Stuff YOU Should Know

Posted by on Aug 11, 2017 in Stuff You Should Know

New Rights for Women in Tunisia

Tunisia, a country in the Middle East, is not known for its equal treatment of women. In fact, in 2016, sixty percent of Tunisian women reported that they were victims of domestic violence. Fifty percent reported that they had been the victims of public aggression at least once in their lives. Seventy to ninety percent had experienced sexual harassment sometime during the previous four years.

First Lt. Dan Liu helps a Tunisian woman make flour in her home on the outskirts of the Sahara Desert as Capt. Laurie Wax watches during the officers recent four-week Language and Area Studies Immersion trip

Women in Tunisia are getting some protections from their government. Credit: U.S. Air Force

Last week, however, the Tunisian Parliament passed a law that will hopefully change some of these statistics. Under the new law, it now will be easier to arrest men for domestic abuse. Men will also be fined penalties for sexual harassment in public, and citizens will be required to report any sexual harassment or violence they witness to the police. Workplace discrimination is now punishable by a fine of up to $800. The age of sexual consent has been raised from 13 to 16 years old. The new legislation also tries to get to the root of the problem, by requiring that children learn about human rights in school, and by requiring police and judges to receive special training on how to deal with violence against women.

Though the new law is a step in the right direction, human rights groups are watching Tunisia carefully, hoping that the government will provide enough funding to actually enforce it.

Dig Deeper The UN Convention on the Elimination of All Forms of Discrimination Against Women (CEDAW), adopted in 1979, is basically an international bill of rights for women around the world. Today, only seven nations haven’t ratified it yet. Using online resources, list these seven nations. Were you surprised by what you found? Why or why not?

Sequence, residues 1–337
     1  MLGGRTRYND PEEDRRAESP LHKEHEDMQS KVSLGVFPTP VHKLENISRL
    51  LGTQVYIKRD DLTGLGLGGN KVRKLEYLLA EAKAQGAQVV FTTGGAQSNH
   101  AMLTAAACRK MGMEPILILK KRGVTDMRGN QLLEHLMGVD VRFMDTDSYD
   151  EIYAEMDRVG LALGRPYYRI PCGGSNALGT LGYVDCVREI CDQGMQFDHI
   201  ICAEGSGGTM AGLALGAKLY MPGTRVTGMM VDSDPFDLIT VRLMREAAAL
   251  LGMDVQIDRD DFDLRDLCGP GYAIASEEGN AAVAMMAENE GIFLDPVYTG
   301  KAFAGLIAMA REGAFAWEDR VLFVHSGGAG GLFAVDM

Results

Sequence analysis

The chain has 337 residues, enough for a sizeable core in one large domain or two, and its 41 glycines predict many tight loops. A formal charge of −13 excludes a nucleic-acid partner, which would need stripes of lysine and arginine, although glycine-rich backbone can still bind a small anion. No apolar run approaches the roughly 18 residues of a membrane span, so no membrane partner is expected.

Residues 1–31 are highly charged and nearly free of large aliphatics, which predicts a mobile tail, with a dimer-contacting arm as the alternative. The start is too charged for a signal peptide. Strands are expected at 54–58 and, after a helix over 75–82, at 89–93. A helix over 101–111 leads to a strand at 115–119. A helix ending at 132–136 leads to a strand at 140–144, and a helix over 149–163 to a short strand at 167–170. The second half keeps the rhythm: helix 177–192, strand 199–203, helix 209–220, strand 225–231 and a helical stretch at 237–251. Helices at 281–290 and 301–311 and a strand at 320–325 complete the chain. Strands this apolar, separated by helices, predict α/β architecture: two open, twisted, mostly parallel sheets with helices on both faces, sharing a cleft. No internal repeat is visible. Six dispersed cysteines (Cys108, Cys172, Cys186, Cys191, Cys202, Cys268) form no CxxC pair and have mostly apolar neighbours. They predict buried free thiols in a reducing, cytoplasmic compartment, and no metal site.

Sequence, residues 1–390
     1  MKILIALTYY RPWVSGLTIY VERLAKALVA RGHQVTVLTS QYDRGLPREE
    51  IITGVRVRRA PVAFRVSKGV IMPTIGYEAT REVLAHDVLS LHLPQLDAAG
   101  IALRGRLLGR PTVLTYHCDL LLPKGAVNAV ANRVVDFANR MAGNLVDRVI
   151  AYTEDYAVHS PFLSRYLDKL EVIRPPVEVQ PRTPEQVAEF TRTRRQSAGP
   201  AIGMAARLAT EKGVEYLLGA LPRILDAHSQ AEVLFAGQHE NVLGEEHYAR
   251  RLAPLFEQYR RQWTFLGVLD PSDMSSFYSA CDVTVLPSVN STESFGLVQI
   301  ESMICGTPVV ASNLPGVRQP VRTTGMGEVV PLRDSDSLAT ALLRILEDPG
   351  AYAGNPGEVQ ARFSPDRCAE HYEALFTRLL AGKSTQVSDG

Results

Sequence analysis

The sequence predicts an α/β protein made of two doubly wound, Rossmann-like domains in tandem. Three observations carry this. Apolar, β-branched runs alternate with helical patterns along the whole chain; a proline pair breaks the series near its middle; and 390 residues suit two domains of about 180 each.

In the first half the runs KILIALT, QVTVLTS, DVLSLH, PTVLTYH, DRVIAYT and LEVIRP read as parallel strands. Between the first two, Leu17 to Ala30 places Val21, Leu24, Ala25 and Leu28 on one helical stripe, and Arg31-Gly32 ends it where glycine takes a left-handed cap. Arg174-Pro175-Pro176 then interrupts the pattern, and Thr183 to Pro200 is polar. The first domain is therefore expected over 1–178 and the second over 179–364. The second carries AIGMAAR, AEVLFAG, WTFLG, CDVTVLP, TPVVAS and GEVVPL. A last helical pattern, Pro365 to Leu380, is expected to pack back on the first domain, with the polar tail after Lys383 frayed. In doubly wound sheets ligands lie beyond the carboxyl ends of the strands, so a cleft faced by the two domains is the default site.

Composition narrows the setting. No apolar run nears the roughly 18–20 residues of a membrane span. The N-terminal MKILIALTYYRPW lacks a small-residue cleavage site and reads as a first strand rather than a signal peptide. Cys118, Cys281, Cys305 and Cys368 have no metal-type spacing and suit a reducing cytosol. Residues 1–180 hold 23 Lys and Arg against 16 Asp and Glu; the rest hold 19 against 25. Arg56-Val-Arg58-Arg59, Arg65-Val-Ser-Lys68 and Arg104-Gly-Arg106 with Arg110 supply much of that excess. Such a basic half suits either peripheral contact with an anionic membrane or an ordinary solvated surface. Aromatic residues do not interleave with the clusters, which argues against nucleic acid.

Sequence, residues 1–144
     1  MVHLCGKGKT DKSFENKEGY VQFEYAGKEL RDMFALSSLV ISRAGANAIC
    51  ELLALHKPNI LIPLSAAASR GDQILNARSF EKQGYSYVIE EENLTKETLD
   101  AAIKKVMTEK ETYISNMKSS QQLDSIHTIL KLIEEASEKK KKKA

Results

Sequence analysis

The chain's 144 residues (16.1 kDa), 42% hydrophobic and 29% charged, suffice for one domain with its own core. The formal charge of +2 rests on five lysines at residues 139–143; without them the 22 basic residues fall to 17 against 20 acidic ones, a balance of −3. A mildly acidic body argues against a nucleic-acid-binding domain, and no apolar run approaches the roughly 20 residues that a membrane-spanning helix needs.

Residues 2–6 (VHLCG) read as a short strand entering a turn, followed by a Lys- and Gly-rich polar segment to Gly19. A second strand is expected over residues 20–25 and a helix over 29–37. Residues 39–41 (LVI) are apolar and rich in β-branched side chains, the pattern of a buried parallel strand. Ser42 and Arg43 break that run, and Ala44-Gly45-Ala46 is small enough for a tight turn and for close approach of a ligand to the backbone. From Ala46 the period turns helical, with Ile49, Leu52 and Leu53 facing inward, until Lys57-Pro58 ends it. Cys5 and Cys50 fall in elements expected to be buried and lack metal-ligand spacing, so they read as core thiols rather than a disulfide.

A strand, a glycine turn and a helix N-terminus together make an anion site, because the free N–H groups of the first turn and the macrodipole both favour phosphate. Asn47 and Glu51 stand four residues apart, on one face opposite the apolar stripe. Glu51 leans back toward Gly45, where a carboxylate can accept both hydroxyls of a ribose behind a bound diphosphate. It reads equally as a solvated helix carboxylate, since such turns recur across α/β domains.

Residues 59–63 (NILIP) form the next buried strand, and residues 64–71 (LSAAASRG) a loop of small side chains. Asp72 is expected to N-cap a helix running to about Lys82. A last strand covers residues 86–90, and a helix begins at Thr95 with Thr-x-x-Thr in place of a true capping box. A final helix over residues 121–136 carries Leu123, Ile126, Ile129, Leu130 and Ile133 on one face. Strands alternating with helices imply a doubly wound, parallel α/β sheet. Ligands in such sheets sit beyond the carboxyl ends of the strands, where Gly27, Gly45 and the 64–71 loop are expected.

Priebus Out

In the latest White House staff shake-up, chief of staff Reince Priebus was fired last week and replaced with Retired General John Kelly. For the past six months, General Kelly has been secretary of the Department of Homeland Security (DHS). Traditionally, President Trump has surrounded himself with allies, choosing his biggest supporters as his closest advisers. With Kelly, though, he seems to be changing tactics. General Kelly has repeatedly criticized the Trump administration for being disorganized. He even threatened to quit in protest after Trump fired James Comey as FBI director. In the past six months, Kelly and Trump have butted heads several times when the White House has interfered in matters that Kelly believed to be the jurisdiction of the DHS.

Many people hope that Kelly, who is viewed as a strict disciplinarian and a no-nonsense straight talker, will impose order on a White House that has become far too chaotic. So far, this seems to be the case. Already, Kelly has fired Anthony Scaramucci, who was communications director for only ten days. He has also improved the level of professionalism in the White House by requiring everyone, including Trump’s daughter Ivanka and son-in-law Jared Kushner, to check in with Kelly before meeting with the president. Kelly has stated that his job is not to oversee the president, but rather to oversee the president’s staff. However, there is much work to be done if Kelly is going to succeed at getting the new administration back on track. His first goals will be to stop media leaks, to try to limit the scope of the Russia investigations, and to make sure that policy is once again created in a disciplined and orderly way.